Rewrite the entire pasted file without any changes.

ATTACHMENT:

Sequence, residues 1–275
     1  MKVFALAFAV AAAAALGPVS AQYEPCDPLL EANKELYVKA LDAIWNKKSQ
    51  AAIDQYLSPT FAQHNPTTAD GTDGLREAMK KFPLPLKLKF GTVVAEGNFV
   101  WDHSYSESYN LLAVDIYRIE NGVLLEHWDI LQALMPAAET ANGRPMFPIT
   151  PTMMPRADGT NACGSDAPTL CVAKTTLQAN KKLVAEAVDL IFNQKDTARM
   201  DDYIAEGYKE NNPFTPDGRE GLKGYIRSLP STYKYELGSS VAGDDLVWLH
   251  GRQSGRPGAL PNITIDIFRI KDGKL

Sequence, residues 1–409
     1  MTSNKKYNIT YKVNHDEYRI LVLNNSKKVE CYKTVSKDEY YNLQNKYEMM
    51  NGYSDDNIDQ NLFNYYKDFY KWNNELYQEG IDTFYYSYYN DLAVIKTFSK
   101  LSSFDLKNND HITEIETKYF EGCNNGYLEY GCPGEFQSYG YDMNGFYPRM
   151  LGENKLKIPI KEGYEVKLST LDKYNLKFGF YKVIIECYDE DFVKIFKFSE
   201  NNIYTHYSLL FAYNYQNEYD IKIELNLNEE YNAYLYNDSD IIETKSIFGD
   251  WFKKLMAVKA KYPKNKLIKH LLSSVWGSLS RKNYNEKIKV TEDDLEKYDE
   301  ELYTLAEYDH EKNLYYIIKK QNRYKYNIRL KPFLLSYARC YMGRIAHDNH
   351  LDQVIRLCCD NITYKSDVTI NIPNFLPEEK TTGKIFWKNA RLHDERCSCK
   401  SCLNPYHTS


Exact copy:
Sequence, residues 1–275
     1  MKVFALAFAV AAAAALGPVS AQYEPCDPLL EANKELYVKA LDAIWNKKSQ
    51  AAIDQYLSPT FAQHNPTTAD GTDGLREAMK KFPLPLKLKF GTVVAEGNFV
   101  WDHSYSESYN LLAVDIYRIE NGVLLEHWDI LQALMPAAET ANGRPMFPIT
   151  PTMMPRADGT NACGSDAPTL CVAKTTLQAN KKLVAEAVDL IFNQKDTARM
   201  DDYIAEGYKE NNPFTPDGRE GLKGYIRSLP STYKYELGSS VAGDDLVWLH
   251  GRQSGRPGAL PNITIDIFRI KDGKL

Sequence, residues 1–409
     1  MTSNKKYNIT YKVNHDEYRI LVLNNSKKVE CYKTVSKDEY YNLQNKYEMM
    51  NGYSDDNIDQ NLFNYYKDFY KWNNELYQEG IDTFYYSYYN DLAVIKTFSK
   101  LSSFDLKNND HITEIETKYF EGCNNGYLEY GCPGEFQSYG YDMNGFYPRM
   151  LGENKLKIPI KEGYEVKLST LDKYNLKFGF YKVIIECYDE DFVKIFKFSE
   201  NNIYTHYSLL FAYNYQNEYD IKIELNLNEE YNAYLYNDSD IIETKSIFGD
   251  WFKKLMAVKA KYPKNKLIKH LLSSVWGSLS RKNYNEKIKV TEDDLEKYDE
   301  ELYTLAEYDH EKNLYYIIKK QNRYKYNIRL KPFLLSYARC YMGRIAHDNH
   351  LDQVIRLCCD NITYKSDVTI NIPNFLPEEK TTGKIFWKNA RLHDERCSCK
   401  SCLNPYHTS